Graduate students often prove invaluable. They are more knowledgeable than undergraduates about a professor's competence. They're also likely to be honest, especially if you promise confidentiality. The next best bet is another professor, or your advisor if you have one. Your advisor may only be able to give you limited help, though, unless she is from the relevant department. Most faculty and administrative staff at large institutions are unfamiliar with people outside their own fields.
Finding someone in the right discipline can help. Although professors have much to lose by denouncing a colleague's teaching skills, it's almost impossible for them to withhold judgment. There's no shortage of loose lips in universities! Listen carefully to what they say; their honest opinion lurks not far beneath the surface of their words, even as they're exclaiming that they cannotmake such assessments. (For one thing, ask yourself when they're more likely to protest that they can't make such a judgment call: if they think the teacher is great, or if they think he's awful. Which would you avoid saying?) These subtle assessments are great guides to choosing a professor. Collect as many opinions as you can.
An easy way for you to get a professor's opinion without putting her on the spot is to present her with a list of possible teachers. Could she recommend to you anyone on the list? Which would be the best section? This lets her subtly ignore poor colleagues without explicitly putting them down. If you aren't familiar with the professor you are asking, steer clear of questions that would require her to bad-mouth her colleagues. Students are a better source of negative information.
Student Evaluations of Teachers
Near the end of each term, teachers are usually evaluated by their students. Most teachers learn little from these evaluations, and it's unclear just who is supposed to profit from them and how.Commonwisdom is that they are essential for professional promotions (see theAfterword), but you'dhaveahardtime finding anyone who was denied promotion merely because she received poor teaching evaluations. (At least at large institutions; in this regard smaller institutions are way ahead of the pack.) The hope of most administrations is that these student evaluations will help your professors become better teachers, which is a very good aim. But the questions asked in these evaluations are usually vague and unspecific. In many institutions your evaluations either disappear or lie unexamined once a term ends.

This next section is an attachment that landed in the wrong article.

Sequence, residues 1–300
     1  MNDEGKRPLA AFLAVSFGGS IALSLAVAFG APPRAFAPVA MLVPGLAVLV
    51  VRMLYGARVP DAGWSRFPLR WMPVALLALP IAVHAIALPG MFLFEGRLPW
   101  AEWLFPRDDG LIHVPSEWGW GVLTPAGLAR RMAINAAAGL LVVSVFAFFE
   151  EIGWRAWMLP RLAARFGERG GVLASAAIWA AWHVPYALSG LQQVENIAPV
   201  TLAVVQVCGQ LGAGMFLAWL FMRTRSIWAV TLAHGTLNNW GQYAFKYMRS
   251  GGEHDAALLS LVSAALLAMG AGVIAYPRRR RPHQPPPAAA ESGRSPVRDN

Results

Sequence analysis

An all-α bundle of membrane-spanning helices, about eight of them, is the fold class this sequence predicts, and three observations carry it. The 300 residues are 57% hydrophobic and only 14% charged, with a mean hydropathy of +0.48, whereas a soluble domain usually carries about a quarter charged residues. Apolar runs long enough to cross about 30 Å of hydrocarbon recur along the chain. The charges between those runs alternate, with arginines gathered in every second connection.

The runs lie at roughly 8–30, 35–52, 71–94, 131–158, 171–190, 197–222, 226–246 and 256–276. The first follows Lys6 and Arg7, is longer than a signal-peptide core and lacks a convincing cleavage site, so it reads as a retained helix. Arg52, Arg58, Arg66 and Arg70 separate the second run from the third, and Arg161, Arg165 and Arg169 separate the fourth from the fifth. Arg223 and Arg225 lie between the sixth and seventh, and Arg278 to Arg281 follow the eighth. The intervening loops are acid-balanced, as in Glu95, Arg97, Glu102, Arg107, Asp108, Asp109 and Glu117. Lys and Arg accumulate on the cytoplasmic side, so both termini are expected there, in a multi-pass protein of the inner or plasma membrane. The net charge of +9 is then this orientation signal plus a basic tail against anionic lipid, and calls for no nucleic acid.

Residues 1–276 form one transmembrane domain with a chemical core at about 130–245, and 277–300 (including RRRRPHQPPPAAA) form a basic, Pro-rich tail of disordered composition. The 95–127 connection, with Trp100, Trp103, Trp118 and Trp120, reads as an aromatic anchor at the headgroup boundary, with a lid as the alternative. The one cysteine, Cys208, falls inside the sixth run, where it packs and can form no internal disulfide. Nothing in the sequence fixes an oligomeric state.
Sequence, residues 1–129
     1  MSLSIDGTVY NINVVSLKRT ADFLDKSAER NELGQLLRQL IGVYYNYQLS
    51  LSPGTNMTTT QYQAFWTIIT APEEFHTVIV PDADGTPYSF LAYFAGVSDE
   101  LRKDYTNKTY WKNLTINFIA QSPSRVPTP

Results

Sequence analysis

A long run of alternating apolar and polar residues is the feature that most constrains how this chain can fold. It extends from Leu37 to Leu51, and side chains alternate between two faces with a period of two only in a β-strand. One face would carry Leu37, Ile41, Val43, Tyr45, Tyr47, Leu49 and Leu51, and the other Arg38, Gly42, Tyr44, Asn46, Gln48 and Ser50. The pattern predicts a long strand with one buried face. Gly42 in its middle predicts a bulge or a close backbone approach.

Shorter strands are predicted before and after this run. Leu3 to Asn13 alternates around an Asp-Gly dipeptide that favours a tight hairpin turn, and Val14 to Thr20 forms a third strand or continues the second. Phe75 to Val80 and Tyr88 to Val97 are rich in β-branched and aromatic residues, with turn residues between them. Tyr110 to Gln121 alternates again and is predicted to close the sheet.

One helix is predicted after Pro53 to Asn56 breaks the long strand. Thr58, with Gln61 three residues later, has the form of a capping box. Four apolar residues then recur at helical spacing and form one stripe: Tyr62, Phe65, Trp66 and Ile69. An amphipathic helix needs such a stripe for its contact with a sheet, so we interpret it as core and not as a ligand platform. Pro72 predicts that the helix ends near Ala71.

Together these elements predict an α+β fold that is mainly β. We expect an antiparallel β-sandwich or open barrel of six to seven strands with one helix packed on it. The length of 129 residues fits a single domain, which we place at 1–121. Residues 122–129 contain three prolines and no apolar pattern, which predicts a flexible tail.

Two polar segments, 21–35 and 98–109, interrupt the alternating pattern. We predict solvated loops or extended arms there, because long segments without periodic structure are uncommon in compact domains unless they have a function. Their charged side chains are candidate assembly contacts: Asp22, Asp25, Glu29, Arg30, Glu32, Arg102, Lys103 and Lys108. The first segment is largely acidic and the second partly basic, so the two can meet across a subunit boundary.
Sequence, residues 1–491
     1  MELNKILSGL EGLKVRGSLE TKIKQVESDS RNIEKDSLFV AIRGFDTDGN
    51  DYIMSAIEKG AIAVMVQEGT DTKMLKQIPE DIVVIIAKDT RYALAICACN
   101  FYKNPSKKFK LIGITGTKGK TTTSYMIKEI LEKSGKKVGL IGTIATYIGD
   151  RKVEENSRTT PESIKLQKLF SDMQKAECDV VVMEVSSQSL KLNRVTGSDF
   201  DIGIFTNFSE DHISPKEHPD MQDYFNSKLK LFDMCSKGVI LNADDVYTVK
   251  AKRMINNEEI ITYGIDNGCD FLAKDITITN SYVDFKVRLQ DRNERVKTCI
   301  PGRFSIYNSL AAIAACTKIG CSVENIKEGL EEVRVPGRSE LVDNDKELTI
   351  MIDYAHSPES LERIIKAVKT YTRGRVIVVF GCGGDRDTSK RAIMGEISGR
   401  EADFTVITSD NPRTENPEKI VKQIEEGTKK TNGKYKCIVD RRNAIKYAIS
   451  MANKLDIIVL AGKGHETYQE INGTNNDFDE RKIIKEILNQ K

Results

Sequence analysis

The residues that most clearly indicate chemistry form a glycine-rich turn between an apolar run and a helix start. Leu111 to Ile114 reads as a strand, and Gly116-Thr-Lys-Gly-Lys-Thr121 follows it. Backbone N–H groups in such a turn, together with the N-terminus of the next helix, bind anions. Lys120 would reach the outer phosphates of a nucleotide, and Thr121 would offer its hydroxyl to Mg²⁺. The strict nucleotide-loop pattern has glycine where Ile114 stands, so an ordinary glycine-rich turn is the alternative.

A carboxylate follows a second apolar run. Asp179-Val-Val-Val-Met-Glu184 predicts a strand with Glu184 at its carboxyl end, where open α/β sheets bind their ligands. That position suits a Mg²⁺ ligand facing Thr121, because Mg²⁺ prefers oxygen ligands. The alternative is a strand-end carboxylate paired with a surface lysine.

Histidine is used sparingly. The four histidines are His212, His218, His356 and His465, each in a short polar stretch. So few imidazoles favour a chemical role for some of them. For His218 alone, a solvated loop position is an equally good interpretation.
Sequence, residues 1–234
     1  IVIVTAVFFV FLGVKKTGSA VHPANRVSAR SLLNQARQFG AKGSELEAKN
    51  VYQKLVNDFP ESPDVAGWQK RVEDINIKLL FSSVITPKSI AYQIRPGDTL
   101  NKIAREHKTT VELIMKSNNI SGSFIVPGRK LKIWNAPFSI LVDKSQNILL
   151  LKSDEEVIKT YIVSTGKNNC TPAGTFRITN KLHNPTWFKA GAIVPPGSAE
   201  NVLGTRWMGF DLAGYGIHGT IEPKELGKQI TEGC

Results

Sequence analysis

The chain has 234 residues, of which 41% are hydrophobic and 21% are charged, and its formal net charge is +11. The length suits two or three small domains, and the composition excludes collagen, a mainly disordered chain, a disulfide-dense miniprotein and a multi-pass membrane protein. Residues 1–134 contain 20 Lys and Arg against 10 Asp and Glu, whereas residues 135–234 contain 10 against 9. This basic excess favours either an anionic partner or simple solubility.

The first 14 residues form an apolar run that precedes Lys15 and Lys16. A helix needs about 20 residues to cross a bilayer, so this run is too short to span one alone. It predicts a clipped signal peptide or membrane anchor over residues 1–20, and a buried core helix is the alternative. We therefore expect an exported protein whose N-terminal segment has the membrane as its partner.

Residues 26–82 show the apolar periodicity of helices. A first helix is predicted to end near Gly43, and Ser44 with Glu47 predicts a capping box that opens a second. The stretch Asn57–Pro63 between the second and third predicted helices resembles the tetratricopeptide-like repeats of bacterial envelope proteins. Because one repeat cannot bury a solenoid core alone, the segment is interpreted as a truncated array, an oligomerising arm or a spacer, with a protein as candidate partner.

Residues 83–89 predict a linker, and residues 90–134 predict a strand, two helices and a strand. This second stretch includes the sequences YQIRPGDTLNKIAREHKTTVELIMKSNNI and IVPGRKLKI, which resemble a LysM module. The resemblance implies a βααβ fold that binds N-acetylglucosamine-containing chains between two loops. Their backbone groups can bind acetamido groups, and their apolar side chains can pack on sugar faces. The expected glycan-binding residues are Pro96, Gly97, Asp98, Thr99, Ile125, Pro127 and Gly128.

Evaluations are not to be trusted unconditionally, but if you can get your hands on them, they can be a useful source of information. Consulting them might give you an idea of a teacher's abilities. In many institutions evaluations are available for student review, although few students take advantage of the opportunity. (The library is a good starting point if you don't know where to look for them, or you might try asking the de- partment directly if they can make past student evaluations available to you.) Take advantage of this resource and look over the impressions of fellow students of previous classes. Profit from your predecessors' misery!